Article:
MARSHFIELD, Mo -- As Congress tries to come to a deal on taxes, there is another element to the fiscal cliff not making headlines.
While the unemployment rate sits at a 49 month low in Missouri, not everyone is feeling the effects of a recovering job market. There are many families leaning on unemployment benefits to get by, and if an extension isn't passed soon they will be left with nothing.
"I moved to Republic and had a guaranteed job here. Within six months I had a lay off," said Viola Sperle, age 54.
"We got to where we were succeeding. We were completely self sustaining. We didn't need help from anyone," said 23 year old Chyna Hull. Her husband Christopher is 33. They have two children ages 5 and 3.
"[When] savings runs out," Chyna said, "unemployment is all you have."
"It's been very difficult. The job market is very competitive," Viola explained.
No matter the age or situation, they are all worrying about the same thing--unemployment benefits disappearing.
According to the National Employment Law Project, more than two million long-term unemployed workers will lose benefits if an extension isn't passed by the end of year. On top of that, nearly one million will stop seeing checks in early of 2013.
While tax increases and entitlement reforms dominate the headlines of the fiscal cliff, a possible cut off of unemployment benefits could shake families around the country.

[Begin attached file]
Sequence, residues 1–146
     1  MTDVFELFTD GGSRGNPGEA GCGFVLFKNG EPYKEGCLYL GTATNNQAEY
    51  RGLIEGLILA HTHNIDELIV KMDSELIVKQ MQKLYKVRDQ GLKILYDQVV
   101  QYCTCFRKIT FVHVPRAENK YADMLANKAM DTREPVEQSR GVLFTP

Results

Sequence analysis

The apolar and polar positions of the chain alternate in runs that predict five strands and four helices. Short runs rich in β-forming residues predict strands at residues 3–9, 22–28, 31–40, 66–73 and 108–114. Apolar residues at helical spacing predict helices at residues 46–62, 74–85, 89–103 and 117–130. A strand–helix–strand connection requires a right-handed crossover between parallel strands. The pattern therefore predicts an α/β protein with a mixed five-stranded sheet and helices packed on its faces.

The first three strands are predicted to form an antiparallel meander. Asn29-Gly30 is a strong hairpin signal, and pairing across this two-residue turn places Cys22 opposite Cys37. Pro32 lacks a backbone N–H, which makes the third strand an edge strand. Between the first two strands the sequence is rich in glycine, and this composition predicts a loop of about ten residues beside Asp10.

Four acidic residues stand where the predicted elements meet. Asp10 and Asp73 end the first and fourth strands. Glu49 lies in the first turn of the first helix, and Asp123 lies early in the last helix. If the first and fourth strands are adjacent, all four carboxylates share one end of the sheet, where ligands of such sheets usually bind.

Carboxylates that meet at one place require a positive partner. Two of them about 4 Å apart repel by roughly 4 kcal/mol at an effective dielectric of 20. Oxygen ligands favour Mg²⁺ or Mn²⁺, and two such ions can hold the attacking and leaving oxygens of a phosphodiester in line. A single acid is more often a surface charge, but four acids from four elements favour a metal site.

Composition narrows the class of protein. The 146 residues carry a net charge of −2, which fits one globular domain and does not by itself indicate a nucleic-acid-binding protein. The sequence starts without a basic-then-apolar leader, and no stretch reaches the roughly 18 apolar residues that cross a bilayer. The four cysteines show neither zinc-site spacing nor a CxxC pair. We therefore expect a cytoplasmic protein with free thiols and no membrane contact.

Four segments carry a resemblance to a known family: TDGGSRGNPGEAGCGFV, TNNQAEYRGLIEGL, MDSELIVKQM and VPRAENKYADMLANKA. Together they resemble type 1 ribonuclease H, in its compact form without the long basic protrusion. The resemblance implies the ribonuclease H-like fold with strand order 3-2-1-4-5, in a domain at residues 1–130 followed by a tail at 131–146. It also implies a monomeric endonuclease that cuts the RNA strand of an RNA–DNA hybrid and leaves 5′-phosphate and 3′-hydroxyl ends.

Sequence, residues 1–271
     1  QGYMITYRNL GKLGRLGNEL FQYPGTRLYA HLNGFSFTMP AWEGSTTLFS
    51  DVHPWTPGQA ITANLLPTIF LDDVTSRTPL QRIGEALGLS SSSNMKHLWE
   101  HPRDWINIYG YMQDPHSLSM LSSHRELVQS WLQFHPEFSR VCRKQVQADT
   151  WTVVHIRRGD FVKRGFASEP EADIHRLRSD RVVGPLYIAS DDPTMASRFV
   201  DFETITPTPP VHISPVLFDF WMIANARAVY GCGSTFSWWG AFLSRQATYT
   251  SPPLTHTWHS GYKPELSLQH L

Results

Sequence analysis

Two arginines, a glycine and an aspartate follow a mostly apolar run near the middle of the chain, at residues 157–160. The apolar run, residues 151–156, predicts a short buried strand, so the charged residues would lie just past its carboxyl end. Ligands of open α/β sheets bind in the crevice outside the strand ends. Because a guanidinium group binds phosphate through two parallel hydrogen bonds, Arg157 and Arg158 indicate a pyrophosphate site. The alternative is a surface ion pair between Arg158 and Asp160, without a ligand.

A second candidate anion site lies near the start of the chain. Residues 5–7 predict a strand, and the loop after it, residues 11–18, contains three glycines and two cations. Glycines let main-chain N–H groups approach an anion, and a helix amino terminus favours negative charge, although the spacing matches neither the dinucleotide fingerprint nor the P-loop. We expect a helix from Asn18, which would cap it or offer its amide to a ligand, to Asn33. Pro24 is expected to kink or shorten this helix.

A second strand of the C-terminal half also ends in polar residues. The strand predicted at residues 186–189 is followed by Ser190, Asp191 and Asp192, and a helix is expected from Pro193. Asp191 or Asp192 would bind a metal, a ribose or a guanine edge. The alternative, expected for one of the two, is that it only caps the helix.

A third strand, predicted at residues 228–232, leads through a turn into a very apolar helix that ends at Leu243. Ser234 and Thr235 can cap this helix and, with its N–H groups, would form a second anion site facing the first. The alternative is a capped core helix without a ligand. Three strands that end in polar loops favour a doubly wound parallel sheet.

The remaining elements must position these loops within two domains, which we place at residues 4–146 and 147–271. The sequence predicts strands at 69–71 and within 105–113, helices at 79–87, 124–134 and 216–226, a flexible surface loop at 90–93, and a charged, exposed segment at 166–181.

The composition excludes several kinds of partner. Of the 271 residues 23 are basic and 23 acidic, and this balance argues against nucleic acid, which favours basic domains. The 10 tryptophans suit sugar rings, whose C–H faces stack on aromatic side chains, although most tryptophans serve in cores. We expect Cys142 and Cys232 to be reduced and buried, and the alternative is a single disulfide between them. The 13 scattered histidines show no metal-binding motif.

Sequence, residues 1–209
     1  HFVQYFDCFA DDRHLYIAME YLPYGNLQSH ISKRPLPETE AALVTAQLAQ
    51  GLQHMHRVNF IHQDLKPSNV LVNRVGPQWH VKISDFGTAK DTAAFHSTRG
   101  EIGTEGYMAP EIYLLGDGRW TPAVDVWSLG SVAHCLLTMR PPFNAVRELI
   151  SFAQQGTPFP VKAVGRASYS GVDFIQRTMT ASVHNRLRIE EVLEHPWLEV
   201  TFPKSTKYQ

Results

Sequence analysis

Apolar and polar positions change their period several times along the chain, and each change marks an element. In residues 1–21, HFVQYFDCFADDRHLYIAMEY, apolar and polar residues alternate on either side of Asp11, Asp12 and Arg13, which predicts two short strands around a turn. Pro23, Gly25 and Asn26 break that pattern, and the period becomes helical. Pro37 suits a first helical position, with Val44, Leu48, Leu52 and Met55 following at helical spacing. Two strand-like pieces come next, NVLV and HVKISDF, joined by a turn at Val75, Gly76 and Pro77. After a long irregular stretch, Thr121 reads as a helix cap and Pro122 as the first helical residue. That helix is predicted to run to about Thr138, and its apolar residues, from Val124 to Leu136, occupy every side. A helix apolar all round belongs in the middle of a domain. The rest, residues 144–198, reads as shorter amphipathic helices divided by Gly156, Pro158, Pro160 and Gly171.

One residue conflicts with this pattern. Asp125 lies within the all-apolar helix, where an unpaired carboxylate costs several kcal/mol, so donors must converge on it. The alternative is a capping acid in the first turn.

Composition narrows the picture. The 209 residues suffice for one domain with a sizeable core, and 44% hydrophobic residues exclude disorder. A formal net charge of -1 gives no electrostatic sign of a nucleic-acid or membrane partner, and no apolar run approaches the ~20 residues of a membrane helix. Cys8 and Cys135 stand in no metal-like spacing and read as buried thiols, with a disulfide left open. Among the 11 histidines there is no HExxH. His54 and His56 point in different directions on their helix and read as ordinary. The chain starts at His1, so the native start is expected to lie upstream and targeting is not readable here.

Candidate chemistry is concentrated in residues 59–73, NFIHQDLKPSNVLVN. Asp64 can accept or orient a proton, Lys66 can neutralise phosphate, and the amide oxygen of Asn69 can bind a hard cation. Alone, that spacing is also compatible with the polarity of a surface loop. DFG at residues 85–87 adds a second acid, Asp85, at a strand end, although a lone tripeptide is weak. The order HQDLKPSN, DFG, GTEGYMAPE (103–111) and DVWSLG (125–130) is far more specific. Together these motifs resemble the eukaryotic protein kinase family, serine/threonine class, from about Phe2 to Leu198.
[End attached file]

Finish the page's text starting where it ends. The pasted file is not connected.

"It's horrifying. Especially when you are raising babies," said Christopher.
"I'm at the point now because my unemployment is going to end I'm job hunting wherever there are jobs available," said Viola.
The cost to extend the benefits by another year is $30 billion. That's compared to the payroll tax cuts, which will cost $115 billion. While critics say the extensions will allow the culture of dependence to continue, the unemployed have a different view.
"We never expected to be unemployed this long. We never expected to have to rely on unemployment, to have to apply for Medicaid for our children, to have to apply for food stamps, to have to apply for assistance for Christmas.," Chyna said. "We Never expected that. That's not what we've ever wanted."
Analyst Mark Zandi of Moody's says there is an economic reason to extend benefits. While it will cost the government $30 billion dollars to renew it, for every dollar the government spends on unemployment benefits, $1.42 is pumped back into the economy.